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Monday, September 13, 2010

THE POETRY OF ROBINSON JEFFERS


read by Judith Anderson


CAEDMON RECORDS
TC 1297
1970
STEREO





SIDE A:



Divinely Superfluous Beauty :37
To the Stone-Cutters :39
Night 4:25
Boats in a Fog 1:14
Granite and Cypress 1:05
Phenomena 1:06
Shine, Perishing Republic 1:22
Science :44
Apology for Bad Dreams 6:35
Ante Mortem :55
Post Mortem 1:49
Summer Holiday :39
from The Women at Point Sur (XII) 2:06

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SIDE B:



Hurt Hawks 2:10
Birth-Dues 1:22
November Surf 1:09
The Bed by the Window :39
Rock and Hawk :51
Rearmament :56
Ave Caesar :33
Love the Wild Swan 1:00
The House Dog's Grave 1:49
Their Beauty has More Meaning :57
The Old Stonemason 2:09
The Beauty Things :51
Hungerfield (2 sections) 4:52

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Editor's note: if you've ever considered giving poetry one last try then the verseof Robinson Jeffers is a perfect start especially if you don't like the genre. Although I believe that Judith Anderson was a giant on the theatre stage I think her rendering of Jeffers' poetry is rather dry, mis-pitched and certainly lacking emphasis in spots that it should have and overwrought in places it ought not to have been. That said, her selection of works is quite impeccable and stand among the stronger lines the master wrote, especially on side two.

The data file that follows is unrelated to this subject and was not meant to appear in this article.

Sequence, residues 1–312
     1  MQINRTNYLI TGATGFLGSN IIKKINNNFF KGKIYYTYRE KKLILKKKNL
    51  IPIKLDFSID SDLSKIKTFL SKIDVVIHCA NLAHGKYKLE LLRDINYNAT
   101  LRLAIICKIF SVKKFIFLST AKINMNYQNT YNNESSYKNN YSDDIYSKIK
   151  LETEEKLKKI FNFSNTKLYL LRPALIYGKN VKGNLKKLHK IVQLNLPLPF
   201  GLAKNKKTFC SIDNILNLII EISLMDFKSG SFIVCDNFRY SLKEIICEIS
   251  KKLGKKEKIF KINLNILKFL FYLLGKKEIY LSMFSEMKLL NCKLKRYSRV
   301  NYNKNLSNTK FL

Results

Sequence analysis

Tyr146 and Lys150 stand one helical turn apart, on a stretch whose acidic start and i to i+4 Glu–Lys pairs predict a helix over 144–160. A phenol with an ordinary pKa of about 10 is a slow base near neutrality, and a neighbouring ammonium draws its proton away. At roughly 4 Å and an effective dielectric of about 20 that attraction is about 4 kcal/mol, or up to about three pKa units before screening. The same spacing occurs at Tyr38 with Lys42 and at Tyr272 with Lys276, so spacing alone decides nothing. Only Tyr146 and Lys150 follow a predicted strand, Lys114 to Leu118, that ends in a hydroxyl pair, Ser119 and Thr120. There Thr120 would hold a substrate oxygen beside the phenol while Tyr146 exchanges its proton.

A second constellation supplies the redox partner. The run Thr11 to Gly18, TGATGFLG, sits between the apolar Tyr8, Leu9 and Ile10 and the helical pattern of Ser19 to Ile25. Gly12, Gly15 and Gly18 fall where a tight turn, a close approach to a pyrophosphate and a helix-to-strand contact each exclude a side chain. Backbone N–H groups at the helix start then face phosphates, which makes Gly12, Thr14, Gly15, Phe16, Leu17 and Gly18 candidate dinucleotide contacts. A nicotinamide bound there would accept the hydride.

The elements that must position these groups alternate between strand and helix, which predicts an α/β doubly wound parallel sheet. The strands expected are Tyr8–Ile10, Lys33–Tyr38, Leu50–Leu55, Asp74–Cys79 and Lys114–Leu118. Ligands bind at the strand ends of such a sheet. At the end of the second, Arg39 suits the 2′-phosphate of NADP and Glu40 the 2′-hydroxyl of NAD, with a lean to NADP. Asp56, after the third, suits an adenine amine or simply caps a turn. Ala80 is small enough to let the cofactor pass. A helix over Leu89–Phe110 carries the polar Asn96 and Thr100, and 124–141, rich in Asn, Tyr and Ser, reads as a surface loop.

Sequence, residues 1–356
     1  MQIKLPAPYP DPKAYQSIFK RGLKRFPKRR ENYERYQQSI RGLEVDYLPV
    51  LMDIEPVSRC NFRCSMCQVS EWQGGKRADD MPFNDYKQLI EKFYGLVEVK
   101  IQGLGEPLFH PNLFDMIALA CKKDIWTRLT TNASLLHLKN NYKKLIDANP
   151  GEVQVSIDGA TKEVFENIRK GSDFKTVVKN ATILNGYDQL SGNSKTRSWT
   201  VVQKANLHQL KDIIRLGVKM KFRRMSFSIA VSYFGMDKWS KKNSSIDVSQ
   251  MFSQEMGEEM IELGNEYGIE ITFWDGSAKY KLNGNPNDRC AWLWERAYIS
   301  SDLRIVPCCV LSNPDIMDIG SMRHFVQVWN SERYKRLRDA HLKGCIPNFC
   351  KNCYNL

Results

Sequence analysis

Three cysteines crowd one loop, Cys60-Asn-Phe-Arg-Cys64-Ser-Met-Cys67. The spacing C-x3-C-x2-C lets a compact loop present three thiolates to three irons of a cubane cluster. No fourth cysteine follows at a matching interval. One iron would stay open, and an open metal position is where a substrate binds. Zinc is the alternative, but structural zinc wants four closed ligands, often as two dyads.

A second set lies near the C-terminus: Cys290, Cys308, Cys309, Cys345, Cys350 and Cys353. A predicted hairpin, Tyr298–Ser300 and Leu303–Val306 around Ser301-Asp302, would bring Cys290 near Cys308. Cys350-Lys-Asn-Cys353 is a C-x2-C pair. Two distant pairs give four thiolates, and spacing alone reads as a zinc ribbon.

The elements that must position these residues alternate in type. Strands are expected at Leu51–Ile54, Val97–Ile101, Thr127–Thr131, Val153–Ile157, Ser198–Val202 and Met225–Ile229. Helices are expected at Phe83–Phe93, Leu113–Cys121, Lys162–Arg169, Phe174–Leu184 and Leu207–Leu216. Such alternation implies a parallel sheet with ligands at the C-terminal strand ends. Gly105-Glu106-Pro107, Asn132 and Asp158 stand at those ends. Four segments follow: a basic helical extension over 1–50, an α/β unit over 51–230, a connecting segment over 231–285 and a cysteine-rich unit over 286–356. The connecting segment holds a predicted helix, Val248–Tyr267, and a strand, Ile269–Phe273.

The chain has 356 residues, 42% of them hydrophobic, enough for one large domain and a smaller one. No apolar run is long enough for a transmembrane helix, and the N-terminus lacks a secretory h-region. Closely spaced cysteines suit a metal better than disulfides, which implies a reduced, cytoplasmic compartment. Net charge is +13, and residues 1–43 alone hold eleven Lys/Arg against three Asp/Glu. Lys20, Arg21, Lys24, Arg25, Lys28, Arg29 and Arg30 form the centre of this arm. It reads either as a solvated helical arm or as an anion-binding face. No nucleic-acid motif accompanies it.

"I'd sooner, except the penalties, kill a man than a hawk; but the great redtail
Had nothing left but unable misery
From the bone too shattered for mending, the wing that trailed under his talons when he moved.
We had fed him six weeks, I gave him freedom,
He wandered over the foreland hill and returned in the evening, asking for death,
Not like a beggar, still eyes with the old
Implacable arrogance. I gave him the lead gift in the twilight."

Seriously, who writes lines like this anymore?

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